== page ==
Nov 1, 2023 - Politics & Policy

Deep split erupts between Democrats on Israel-Hamas war

Pro-Israel activists counter demonstrate a pro-Palestinian rally on October 13, 2023 in New York City. Photo: Stephanie Keith/Getty Images

The growing and personal Democratic split over the Israel-Hamas war is about to spill onto the House floor, with leaders bracing for fights on Israel-related legislation between pro-Palestinian and pro-Israel members of Congress.

Why it matters: "Things could not possibly be any worse than they are right now," one House Democrat lamented.

  • Democratic aides and lawmakers told Axios that the upcoming votes on half dozen votes are exacerbating a tense situation.
  • A top aide to another Democrat said their office has been inundated with a "constant" battery of phone calls on the issue.

Several of these bills, despite having Democratic co-sponsors, are poised to split the party.

  • The liberal group J Street is pressing House Democrats to vote against a GOP-led resolution condemning "the support of Hamas, Hezbollah, and other terrorist organizations" on college campuses.
  • It also urges Democrats to vote against new sanctions on Iran and a resolution declaring it "not acceptable" for Iran to have nuclear weapons.

The big picture: President Biden's initial response to the Israel-Hamas war sparked some of the harshest criticism he's received from progressives and people of color in his party — and those lawmakers think the party's base is on their side.

  • Members of the Squad, the high-profile group of House progressives, accused the White House of empowering Israel to retaliate in a way that has put the lives of tens of thousands of Palestinians in Gaza at risk.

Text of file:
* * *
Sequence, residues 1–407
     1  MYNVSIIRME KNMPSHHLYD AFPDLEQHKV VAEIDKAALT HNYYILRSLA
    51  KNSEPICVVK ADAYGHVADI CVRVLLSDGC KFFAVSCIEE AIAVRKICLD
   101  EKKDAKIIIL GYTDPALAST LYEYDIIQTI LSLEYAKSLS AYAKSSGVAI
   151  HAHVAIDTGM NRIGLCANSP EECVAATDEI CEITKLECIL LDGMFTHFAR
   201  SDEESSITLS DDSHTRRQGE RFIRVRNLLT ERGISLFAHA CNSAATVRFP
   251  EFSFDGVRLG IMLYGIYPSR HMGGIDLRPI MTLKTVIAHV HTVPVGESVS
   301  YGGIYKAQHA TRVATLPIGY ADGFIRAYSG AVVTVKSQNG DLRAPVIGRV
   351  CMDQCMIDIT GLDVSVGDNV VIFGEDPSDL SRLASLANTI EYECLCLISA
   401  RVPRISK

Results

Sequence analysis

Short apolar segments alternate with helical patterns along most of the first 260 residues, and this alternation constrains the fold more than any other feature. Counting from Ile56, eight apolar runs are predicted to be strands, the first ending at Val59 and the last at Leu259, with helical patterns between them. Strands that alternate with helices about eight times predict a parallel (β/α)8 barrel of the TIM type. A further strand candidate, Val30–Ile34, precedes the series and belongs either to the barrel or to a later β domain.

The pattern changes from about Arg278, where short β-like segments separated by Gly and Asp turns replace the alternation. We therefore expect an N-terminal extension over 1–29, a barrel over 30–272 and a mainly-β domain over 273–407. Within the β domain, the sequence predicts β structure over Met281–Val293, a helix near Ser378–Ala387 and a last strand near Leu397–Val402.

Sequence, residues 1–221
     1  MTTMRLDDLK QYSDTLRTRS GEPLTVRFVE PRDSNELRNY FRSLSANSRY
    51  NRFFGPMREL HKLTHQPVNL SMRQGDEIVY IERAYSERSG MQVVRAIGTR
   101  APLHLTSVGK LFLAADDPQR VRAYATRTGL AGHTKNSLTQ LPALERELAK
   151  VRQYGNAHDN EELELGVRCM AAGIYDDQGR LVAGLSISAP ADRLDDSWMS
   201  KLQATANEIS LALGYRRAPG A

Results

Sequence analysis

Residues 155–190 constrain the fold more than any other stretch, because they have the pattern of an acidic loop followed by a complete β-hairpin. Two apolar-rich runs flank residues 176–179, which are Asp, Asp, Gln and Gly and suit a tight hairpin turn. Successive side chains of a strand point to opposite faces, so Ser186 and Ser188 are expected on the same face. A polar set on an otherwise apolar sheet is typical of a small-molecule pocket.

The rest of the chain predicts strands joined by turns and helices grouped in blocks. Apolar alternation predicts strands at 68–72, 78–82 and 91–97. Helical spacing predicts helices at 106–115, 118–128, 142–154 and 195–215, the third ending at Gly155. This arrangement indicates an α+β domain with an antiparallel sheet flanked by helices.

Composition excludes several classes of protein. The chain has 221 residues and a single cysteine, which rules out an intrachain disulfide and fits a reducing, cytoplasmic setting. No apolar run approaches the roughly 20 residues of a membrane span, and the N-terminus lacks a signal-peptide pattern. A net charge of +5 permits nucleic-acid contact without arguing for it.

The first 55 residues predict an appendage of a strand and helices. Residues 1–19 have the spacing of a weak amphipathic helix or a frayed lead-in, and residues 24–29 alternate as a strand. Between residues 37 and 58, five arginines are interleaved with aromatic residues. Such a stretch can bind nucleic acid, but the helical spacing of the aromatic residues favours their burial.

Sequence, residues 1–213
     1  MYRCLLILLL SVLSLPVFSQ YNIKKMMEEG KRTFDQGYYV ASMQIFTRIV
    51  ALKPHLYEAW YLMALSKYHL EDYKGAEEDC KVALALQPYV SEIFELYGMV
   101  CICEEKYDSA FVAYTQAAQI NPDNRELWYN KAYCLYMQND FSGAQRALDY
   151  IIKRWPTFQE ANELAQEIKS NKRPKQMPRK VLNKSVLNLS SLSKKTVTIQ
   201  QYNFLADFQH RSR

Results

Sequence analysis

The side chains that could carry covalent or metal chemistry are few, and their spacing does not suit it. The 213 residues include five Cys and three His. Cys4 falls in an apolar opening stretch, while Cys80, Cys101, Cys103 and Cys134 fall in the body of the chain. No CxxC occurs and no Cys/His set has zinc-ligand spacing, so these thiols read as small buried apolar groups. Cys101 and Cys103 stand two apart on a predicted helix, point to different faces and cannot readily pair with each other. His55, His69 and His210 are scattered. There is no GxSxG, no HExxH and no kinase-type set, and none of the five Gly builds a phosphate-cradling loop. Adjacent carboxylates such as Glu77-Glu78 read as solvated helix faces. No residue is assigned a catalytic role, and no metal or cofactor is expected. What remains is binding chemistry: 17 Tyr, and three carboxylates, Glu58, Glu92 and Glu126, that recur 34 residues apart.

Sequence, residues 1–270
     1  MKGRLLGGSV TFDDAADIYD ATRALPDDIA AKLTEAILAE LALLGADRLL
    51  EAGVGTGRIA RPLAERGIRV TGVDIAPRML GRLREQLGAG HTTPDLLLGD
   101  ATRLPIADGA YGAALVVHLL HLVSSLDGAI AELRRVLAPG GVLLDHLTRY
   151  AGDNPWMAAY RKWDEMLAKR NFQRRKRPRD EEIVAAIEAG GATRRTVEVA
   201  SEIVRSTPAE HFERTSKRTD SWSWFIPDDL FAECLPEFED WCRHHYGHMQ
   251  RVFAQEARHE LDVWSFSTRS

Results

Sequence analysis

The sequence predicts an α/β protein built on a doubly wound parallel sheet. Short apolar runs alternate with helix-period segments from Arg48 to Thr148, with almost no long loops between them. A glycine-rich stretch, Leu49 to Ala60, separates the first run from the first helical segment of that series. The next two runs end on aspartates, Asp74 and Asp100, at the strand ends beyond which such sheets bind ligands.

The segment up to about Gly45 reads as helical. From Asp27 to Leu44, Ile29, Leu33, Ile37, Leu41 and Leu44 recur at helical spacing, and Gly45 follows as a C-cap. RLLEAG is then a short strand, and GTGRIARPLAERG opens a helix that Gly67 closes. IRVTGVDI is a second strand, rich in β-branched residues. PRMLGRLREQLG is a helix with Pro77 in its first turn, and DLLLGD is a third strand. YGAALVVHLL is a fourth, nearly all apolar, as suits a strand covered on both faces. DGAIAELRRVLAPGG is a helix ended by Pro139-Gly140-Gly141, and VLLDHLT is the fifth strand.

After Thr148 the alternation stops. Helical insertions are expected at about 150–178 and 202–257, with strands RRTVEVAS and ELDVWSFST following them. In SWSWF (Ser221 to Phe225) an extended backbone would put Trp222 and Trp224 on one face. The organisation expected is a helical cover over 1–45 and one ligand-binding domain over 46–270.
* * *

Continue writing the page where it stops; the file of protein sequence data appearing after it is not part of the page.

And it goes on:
• "I want [Biden] to know as a Palestinian American and also someone of Muslim faith, I'm not going to forget this," said Rep. Rashida Tlaib (D-Mich.), the first Palestinian-American woman in Congress, at a recent rally protesting the White House's response.
  • The White House did not immediately respond to a request for comment.

Zoom in: Nine House Democrats voted against a resolution last week that condemned Hamas and supported Israel, and another six voted "present."

The vote sparked intra-party public feuds.

  • Rep. Andre Carson (D-Ind.) called Rep. Josh Gottheimer a "punk" and "cowardly"after the New Jersey Democrat wrote on X that the Democrats who voted against the resolution supporting Israel and condemning Hamas were "despicable," CNN reports.
  • Rep. Summer Lee (D-Pa.) said "it's not us without a soul" after Rep. Debbie Wasserman Schultz (D-Fla.) suggested people who haven't condemned Hamas' slaughter of Israeli civilians "don't have a soul," the New York Times reports.

Between the lines: One area of Democratic unity is on a resolution, expected to get a vote this week, to censure Tlaib for her history of comments on Israel and her speech to a protest at the Capitol complex pressing for a ceasefire in Gaza.

  • Rep. Marjorie Taylor Greene's (R-Ga.) authorship of the censure resolution, which refers to the protest as an "insurrection," has turned off Democrats on both sides of the conference.

Zoom out: Some of the administration's harshest critics on the Israel-Hamas war could face pro-Israel primary challengers this cycle.

  • Lee already has a primary opponent, with potential challengers weighing runs against Reps. Ilhan Omar (D-Minn.) and Jamaal Bowman (D-N.Y.), the New York Times writes.

The bottom line: "It has been an incredibly clarifying and terrifying moment at the same time for many progressive Jews," Anti-Defamation League CEO Jonathan Greenblatt told the Wall Street Journal.

  • "They're calling me, tweeting, messaging, expressing shock and sadness that the people they marched with, the causes they marched for, have abandoned them in their hour of need."

"We have an administration and a Congress that fundamentally does not view Palestinians as whole human beings," said Waleed Shahid, an activist who has worked for Sen. Bernie Sanders (I-Vt.) and Rep. Alexandria Ocasio-Cortez (D-N.Y.)

  • "When you have that kind of uphill battle, you have to take your case to the court of public opinion and make them answer why that is."
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